Could we see Demonology’s Hand of Doom swap tiers to complement Soul Harvest? On the one hand, it could stay put, since it’s fairly easy to put Doom everywhere already. Also, where would it go and what would go better on the level 60 tier than Hand of Doom? My personal vote is for Implosion to move, because I don’t find the sense in a spell dependent on the number of imps you have out to share a row with talents that increase the number of imps you have out. That would give some fun interaction between the talents with the gold artifact trait for Demonologists, The Expendables, which gives you a stacking damage buff according to imp deaths or despawns.
However, one problem with my idea is that if Hand of Doom switches with Implosion, then it loses the interaction it currently has with Impending Doom, which spawns an imp for every Doom tick (Doom ticks only once per 20 seconds base, however). Implosion would also probably get stuck in a cookie cutter with Demonic Calling, Improved Dreadstalkers, and Soul Conduit, because since it’s restricting access to Soul Harvest and Power Trip, it doesn’t jive with much else.
Demonologists don’t have to deal with this one, but Mana Tap is the talent that every vocal Warlock feedback poster likes to hate. I think it’s more to do with what kind of complexity it creates rather than the fact that it creates more complexity.
When you have Soul Harvest as a Destruction Warlock, your immediate thought is, “I need more Immolate up. Hmm, how can I do that?” As we discussed, Cataclysm is your most efficient answer. The cool thing about Cataclysm, is that it takes care of most players’ problem with maxing out Soul Harvest’s effect. The min-max-iest of all might still have a custom LUA Weak Aura that finds out if you have 10 targets with Immolate up or not. For the majority of players who guesstimate these things, Soul Harvest requires “a lot” of targets, and Cataclysm is a thing you cast when there’s “a lot” of targets stacked up together, so Cataclysm helps eliminate the need for a separate user interface tracker for Soul Harvest for the majority of players. If you use Cataclysm first, then your Soul Harvest has a fairly decent duration on it, if not maxed out.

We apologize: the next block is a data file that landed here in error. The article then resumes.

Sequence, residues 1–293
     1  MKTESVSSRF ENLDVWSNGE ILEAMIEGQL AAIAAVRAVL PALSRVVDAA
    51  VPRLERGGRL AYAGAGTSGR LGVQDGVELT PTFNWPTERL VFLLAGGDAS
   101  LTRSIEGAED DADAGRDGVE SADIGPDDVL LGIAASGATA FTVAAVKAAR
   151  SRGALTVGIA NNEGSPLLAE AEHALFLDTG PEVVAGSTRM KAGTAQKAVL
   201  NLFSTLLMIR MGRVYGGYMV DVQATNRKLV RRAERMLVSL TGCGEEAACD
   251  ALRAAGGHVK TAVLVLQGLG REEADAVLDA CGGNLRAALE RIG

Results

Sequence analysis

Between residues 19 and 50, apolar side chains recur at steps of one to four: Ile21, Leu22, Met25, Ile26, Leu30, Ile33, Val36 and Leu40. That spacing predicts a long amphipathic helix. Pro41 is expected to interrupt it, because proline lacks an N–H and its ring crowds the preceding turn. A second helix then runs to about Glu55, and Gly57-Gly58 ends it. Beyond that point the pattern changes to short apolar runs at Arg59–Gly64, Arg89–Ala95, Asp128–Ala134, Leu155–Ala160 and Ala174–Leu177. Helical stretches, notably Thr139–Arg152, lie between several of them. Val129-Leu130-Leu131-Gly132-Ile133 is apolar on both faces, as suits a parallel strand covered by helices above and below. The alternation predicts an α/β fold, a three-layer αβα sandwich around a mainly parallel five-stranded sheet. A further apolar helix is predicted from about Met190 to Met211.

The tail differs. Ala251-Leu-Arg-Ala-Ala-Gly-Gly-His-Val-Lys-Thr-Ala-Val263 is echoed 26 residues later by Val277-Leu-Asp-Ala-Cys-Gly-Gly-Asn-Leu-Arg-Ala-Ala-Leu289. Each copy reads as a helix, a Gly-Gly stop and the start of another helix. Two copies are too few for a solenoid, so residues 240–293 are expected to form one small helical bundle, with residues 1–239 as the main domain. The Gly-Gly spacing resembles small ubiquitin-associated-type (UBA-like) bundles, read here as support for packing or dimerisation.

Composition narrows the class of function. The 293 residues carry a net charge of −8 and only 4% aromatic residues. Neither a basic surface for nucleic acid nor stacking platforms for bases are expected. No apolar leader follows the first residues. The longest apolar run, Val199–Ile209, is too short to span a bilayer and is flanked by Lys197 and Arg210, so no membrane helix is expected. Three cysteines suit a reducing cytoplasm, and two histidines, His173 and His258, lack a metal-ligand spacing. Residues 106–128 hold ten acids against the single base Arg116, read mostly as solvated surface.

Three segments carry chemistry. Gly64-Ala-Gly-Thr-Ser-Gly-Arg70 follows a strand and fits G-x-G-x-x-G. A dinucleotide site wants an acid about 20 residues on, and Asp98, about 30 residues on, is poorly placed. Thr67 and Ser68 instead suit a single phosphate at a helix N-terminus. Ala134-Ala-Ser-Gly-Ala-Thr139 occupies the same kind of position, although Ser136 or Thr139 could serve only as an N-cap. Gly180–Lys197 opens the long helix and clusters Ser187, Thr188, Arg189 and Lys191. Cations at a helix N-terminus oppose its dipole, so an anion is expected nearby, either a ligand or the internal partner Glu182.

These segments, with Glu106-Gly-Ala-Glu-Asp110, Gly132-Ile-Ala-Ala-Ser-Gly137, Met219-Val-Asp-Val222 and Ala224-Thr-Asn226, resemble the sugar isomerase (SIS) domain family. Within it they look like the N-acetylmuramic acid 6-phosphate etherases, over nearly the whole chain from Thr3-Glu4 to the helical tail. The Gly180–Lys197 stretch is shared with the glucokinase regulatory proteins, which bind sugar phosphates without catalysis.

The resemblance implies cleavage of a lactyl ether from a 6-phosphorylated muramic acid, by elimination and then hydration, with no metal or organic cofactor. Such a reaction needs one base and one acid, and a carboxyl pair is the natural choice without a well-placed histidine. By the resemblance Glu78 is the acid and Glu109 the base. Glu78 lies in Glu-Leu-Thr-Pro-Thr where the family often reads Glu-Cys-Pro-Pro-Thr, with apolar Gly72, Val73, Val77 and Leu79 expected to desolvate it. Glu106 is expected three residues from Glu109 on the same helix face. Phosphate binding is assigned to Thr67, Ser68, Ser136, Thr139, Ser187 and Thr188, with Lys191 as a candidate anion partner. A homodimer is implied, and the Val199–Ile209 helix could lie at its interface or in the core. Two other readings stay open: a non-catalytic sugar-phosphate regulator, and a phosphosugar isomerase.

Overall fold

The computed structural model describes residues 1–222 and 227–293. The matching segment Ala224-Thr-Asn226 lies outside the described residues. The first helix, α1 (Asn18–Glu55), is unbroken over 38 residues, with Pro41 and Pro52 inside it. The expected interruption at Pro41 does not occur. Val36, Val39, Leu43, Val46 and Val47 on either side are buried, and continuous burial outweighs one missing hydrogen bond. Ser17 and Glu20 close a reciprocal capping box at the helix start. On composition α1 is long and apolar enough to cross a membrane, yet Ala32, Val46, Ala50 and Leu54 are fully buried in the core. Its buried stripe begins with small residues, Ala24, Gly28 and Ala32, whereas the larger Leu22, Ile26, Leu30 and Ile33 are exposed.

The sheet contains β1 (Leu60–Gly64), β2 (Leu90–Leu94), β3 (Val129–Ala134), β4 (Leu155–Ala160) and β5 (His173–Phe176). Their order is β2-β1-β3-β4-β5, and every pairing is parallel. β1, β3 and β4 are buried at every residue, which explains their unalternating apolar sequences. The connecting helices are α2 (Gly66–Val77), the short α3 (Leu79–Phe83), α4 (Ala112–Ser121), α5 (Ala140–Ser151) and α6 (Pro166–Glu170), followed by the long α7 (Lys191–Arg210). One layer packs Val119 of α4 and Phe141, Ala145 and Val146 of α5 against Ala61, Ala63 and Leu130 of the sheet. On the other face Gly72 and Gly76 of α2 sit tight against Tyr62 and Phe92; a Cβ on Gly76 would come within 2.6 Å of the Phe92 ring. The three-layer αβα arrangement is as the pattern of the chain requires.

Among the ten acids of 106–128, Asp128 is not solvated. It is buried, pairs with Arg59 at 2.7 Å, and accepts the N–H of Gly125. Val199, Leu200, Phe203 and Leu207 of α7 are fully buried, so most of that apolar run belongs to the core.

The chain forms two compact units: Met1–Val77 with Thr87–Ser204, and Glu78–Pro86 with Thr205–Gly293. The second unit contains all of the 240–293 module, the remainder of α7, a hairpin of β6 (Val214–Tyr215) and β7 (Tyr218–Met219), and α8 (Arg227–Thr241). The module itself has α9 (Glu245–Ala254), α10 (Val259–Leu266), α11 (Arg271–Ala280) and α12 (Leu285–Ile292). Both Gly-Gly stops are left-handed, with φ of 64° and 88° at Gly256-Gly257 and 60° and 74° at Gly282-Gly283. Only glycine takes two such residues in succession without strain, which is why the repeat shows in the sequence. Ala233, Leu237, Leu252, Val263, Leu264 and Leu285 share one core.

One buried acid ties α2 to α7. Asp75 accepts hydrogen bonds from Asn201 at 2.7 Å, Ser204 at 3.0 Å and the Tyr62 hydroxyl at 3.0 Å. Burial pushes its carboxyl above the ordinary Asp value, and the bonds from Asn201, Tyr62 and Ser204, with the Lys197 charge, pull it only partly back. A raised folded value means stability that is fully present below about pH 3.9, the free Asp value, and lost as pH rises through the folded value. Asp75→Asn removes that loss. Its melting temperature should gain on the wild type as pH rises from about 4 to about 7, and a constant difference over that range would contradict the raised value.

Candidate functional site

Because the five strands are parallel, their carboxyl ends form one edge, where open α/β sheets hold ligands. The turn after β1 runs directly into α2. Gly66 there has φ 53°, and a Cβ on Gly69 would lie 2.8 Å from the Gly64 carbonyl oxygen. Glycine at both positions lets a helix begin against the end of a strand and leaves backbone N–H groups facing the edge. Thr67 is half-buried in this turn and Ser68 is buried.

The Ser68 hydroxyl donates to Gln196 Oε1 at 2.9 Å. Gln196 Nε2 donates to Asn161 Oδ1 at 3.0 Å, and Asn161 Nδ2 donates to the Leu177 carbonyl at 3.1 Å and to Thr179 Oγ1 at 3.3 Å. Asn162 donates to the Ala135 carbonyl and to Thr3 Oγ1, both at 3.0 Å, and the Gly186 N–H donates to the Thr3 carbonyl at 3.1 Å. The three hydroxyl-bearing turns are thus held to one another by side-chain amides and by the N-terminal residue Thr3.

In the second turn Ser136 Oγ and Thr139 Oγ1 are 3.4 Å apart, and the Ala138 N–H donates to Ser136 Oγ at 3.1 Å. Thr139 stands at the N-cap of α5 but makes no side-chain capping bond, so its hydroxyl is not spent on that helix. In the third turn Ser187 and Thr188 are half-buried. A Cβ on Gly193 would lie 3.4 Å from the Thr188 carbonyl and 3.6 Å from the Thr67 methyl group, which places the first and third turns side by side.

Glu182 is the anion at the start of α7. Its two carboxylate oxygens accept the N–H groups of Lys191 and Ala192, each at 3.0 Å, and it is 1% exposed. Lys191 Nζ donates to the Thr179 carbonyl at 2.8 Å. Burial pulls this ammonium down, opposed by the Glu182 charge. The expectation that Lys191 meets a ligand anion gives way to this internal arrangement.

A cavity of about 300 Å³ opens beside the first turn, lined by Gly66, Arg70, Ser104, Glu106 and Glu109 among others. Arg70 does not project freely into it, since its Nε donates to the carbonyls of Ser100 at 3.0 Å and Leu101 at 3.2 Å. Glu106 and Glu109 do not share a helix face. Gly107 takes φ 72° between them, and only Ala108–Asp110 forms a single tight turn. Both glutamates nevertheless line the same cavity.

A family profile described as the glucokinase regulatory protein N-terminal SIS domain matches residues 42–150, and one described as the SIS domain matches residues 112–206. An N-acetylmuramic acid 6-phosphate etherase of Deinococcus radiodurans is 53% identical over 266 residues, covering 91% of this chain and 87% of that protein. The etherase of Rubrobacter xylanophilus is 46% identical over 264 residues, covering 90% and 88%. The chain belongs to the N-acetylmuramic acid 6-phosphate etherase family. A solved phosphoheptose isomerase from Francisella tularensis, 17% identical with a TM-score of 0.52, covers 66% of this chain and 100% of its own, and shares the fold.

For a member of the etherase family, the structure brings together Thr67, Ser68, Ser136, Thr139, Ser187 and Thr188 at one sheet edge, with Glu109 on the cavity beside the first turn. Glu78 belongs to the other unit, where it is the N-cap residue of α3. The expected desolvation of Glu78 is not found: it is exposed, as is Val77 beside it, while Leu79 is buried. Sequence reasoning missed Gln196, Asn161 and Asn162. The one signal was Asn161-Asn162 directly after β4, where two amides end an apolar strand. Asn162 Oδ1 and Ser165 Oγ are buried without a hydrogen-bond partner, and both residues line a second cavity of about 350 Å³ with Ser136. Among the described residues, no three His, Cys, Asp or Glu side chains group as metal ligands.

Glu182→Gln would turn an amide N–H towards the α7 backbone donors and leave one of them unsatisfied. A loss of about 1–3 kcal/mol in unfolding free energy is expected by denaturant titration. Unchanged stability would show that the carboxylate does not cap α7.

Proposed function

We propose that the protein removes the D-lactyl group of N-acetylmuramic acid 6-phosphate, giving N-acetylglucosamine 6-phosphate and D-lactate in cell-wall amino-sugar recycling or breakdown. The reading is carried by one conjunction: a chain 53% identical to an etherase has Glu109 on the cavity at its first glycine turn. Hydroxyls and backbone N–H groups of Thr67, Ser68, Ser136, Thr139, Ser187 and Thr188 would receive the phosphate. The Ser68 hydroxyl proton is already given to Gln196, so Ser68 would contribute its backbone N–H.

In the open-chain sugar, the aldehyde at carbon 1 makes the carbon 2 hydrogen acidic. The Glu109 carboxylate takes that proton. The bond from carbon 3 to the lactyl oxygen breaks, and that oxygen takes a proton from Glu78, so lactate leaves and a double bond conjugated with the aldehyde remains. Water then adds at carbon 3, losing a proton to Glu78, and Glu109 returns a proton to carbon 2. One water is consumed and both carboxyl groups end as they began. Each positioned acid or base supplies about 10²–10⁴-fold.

Mana Tap, on the other hand, is one of those complicated min-max-y things. On the one hand, you feel the need to calculate out what the best mana percent is for Mana Tap to happen consistently, which means you’ll find some addon for your user interface that puts a marker at that point to remind you not to be stupid with it. On the other hand, you could feel the need to Life Tap immediately after using Mana Tap, which means you might find a cast sequence macro that achieves the scintillating result of using a non-damage ability for the first GCD of your powerful damage-buff.
Mana Tap doesn’t promote the complexity of skillfully lining up spells the way using Cataclysm well rewards you with a more powerful Soul Harvest damage buff. Mana Tap is just there, a maintenance buff that you want up as much as possible, and if you pick it, it forces its way into your frequent rotation. Cataclysm means you can have more Immolate if you want to, which cascades into more Soul Harvest or other perks, whereas Mana Tap means you need more Life Tap to get that damage bonus, whether you want to do it or not.
Of course, Mana Tap is multi-faceted and represents a different playstyle for Destruction than we’re used to from recent expansions, and that different playstyle might be where its meaningfulness lies. However, when it comes to discussing meaningful choices within talent trees across the rows, Mana Tap falls short. Mana Tap doesn’t feel like meaningful fun, because it promotes more restriction within the specialization, not more choice.